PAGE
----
Patient in Japan infected with new coronavirus from China
German scientists develop test to diagnose so-called novel coronavirus 'in a very short period of time.'
Japan's government says a man treated for pneumonia after returning from China has tested positive for the new coronavirus identified as a possible cause of an outbreak in the Chinese city of Wuhan.
The man became sick while in Wuhan earlier this month, and tests this week found the same virus as detected in Wuhan.
Officials in Wuhan said last weekend that 41 people had pneumonia caused by the new virus and a 61-year-old man had died in China's first known death from the virus. The Wuhan Municipal Health Commission announced a second death, a 69-year-old man, on Thursday. He became ill on Dec. 31, 2019.
The outbreak comes just ahead of the lunar new year when many Chinese travel. Officials say the virus is not considered highly contagious.
Given that there's a small number of cases, it is hard to be definitive, cautioned Dr. Allison McGeer, a clinician scientist in infectious diseases at Sinai Health in Toronto.
"It looks like this virus is less severe than MERS and SARS, which is a good thing," McGeer said of other coronavirus infections, namely Severe Acute Respiratory Syndrome and Middle East Respiratory Syndrome. "It's also a situation of the virus itself may be changing, so it's really too early to be confident about what the disease looks like."
Dr. Issac Bogoch is an infectious disease physician at Toronto Western Hospital who is tracking and predicting the spread of the new coronavirus based on factors such as travel volumes from Wuhan.
"It's extremely important that we be wary of infections acquired from distant lands that might land on our doorstep," Bogoch said. "We should have systems in place that will facilitate the rapid identification and management of imported infections."
To that end, German researchers said Thursday they have developed the first diagnostic test for a new virus that has emerged in central China.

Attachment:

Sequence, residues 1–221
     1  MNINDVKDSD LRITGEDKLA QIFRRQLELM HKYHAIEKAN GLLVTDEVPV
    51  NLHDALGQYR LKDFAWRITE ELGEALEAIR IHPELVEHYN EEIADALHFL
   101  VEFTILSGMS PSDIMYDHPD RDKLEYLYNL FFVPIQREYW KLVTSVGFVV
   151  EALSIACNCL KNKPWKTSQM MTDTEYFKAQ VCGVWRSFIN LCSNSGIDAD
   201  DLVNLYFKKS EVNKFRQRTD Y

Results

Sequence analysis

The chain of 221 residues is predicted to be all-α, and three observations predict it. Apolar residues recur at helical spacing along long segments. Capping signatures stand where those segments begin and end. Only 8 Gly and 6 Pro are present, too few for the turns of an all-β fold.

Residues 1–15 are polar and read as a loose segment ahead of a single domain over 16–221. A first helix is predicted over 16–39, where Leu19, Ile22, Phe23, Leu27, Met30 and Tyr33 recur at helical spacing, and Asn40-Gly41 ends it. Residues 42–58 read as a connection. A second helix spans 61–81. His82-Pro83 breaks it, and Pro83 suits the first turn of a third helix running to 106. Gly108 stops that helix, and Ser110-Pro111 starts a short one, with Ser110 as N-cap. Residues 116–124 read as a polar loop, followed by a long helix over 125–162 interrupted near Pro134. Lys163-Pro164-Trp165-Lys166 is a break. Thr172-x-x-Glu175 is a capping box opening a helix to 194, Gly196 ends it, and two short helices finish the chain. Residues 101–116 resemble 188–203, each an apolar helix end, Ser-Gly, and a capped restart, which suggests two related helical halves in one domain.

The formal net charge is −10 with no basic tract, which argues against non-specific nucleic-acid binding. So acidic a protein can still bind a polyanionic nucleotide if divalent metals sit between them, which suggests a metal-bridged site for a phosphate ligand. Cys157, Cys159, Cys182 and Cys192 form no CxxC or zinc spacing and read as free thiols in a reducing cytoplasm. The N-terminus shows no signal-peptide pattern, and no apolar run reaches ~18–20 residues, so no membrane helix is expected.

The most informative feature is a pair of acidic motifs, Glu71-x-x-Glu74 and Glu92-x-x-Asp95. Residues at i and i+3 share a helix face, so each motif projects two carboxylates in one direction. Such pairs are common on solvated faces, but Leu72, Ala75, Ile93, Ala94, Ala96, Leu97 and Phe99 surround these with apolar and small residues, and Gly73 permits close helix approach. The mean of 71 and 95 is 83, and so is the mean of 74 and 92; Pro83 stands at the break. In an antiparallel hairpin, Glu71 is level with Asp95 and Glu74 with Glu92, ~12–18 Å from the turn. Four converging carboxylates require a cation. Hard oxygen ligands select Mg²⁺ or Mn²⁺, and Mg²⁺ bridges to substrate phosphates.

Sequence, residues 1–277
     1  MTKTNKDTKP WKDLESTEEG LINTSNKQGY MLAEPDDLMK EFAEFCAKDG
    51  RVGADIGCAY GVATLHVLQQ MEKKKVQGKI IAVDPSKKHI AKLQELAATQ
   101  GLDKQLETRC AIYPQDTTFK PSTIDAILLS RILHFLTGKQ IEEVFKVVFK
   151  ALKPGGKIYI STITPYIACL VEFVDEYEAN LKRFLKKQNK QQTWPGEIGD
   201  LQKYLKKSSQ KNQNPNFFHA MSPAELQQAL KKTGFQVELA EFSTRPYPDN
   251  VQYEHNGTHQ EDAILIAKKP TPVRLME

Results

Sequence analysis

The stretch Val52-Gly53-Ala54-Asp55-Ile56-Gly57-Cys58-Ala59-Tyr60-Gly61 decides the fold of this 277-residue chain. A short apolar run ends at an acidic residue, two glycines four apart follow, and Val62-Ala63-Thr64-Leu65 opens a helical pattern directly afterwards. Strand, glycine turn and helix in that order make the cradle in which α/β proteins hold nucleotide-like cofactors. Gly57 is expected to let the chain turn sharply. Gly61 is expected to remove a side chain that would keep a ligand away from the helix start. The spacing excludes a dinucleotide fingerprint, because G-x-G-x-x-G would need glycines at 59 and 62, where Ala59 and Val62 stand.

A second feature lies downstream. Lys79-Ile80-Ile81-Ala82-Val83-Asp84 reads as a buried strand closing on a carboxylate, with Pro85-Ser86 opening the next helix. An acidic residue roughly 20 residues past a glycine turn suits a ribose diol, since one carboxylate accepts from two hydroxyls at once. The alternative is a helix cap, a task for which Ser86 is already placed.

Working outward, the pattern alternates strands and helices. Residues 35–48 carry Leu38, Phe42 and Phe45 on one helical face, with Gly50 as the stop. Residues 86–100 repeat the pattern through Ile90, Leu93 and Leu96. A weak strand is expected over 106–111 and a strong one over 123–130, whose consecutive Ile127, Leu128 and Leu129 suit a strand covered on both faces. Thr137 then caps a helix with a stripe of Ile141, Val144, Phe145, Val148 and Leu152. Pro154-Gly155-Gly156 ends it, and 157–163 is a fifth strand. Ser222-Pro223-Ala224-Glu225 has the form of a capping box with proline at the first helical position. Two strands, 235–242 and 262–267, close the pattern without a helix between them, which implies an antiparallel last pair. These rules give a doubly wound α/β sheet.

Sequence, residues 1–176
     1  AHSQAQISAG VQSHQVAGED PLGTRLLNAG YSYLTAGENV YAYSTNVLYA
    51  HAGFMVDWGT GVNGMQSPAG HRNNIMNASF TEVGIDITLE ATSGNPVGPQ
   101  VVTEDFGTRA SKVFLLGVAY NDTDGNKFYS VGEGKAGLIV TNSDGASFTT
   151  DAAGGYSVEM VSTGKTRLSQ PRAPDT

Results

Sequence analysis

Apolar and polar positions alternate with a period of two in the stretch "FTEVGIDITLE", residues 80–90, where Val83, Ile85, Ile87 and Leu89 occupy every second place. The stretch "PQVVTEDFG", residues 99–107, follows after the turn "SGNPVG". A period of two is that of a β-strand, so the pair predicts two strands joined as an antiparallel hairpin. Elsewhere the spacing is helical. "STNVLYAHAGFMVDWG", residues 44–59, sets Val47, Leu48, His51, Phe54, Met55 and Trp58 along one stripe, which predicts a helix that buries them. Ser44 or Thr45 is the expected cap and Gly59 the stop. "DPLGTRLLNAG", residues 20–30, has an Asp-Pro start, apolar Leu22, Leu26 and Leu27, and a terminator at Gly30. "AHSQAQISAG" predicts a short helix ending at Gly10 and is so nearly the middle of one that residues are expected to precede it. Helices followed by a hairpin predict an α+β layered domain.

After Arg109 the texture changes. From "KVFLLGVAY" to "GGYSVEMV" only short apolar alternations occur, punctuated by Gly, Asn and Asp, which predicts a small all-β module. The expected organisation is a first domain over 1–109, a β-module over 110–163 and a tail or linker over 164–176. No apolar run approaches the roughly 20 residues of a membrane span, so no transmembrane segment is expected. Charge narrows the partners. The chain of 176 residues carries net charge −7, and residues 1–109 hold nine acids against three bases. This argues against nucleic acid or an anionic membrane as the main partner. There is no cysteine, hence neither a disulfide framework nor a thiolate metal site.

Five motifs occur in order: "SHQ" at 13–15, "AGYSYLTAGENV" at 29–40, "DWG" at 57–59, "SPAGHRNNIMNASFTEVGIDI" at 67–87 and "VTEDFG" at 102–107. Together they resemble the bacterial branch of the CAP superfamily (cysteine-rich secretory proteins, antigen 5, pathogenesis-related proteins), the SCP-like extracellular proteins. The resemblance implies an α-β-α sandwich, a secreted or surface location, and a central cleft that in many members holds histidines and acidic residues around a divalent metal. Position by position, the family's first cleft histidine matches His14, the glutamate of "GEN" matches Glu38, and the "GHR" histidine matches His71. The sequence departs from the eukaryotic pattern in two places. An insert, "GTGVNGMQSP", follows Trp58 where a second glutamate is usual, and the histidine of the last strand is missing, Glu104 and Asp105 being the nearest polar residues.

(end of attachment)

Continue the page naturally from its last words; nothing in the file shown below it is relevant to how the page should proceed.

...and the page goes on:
The virus was first detected in the Chinese city of Wuhan last year and cases have since also been reported in Thailand.
Faster diagnostic test created
Dr. Christian Drosten, the director of the Institute for Virology at Berlin's Charite hospital, said the test developed by his team will allow labs to reliably diagnose the so-called novel coronavirus "in a very short period of time."
The test protocol is being made available through the World Health Organization, and laboratories can order a molecule from the German team to compare patient samples with a positive control, he said.
"We have just started receiving orders and are now starting to post the molecule," Drosten told The Associated Press.
So far, doctors have only been able to perform a general virus test and then had to sequence and interpret the genome, said Drosten. Large, well-equipped public laboratories are able to do this but smaller labs would struggle to do so, he added.
"We're more concerned about labs in countries where it's not that easy to transport samples or staff aren't trained that thoroughly, or if there is a large number of patients who have to be tested," said Drosten, citing the epidemic of SARS, which killed hundreds in 2002 and 2003.
Drosten, who was one of the co-discoverers of SARS, said the two viruses are so closely related that laboratories which have control samples for SARS in stock can use it to diagnose the new virus, cutting the time required to create a functioning test.
Routine precautions in place in Canada
The Public Health Agency of Canada (PHAC) said the Chinese gene sequencing will allow Canadian scientists to develop diagnostic tests for the novel coronavirus.
The agency has issued a Travel Health Notice for individuals travelling to and returning from China, including recommendations for travellers to Wuhan, such as avoid farms, live animal markets, and areas where animals may be slaughtered.
Canadians should always tell their health-care providers about their travel if they become ill after returning.
"The possibility of cases being identified in other countries, including Canada, would not be unexpected given global travel trends," a PHAC spokesperson said in an emailed response to questions.
Surveillance systems are on alert and precautions such as routine infection and prevention control at hospitals as well as routine traveller screening at Canadian ports of entry are in place, the agency added.
With files from CBC's Christine Birak and Associated Press